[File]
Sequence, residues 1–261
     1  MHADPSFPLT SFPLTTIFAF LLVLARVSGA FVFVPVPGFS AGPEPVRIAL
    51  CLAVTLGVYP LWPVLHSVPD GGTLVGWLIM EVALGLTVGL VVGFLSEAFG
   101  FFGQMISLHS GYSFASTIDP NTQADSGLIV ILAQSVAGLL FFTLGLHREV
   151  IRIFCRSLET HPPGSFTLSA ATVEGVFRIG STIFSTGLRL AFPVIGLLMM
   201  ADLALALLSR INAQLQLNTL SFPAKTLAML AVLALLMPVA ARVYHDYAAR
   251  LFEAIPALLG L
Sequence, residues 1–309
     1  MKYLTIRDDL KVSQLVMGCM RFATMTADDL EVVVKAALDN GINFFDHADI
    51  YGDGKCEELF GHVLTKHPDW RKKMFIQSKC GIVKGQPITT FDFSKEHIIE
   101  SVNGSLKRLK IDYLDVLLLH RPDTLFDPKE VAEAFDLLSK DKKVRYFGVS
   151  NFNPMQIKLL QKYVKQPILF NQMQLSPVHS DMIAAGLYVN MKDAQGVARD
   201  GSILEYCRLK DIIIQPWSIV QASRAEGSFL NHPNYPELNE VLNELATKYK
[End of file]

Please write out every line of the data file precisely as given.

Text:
Sequence, residues 1–261
     1  MHADPSFPLT SFPLTTIFAF LLVLARVSGA FVFVPVPGFS AGPEPVRIAL
    51  CLAVTLGVYP LWPVLHSVPD GGTLVGWLIM EVALGLTVGL VVGFLSEAFG
   101  FFGQMISLHS GYSFASTIDP NTQADSGLIV ILAQSVAGLL FFTLGLHREV
   151  IRIFCRSLET HPPGSFTLSA ATVEGVFRIG STIFSTGLRL AFPVIGLLMM
   201  ADLALALLSR INAQLQLNTL SFPAKTLAML AVLALLMPVA ARVYHDYAAR
   251  LFEAIPALLG L
Sequence, residues 1–309
     1  MKYLTIRDDL KVSQLVMGCM RFATMTADDL EVVVKAALDN GINFFDHADI
    51  YGDGKCEELF GHVLTKHPDW RKKMFIQSKC GIVKGQPITT FDFSKEHIIE
   101  SVNGSLKRLK IDYLDVLLLH RPDTLFDPKE VAEAFDLLSK DKKVRYFGVS
   151  NFNPMQIKLL QKYVKQPILF NQMQLSPVHS DMIAAGLYVN MKDAQGVARD
   201  GSILEYCRLK DIIIQPWSIV QASRAEGSFL NHPNYPELNE VLNELATKYK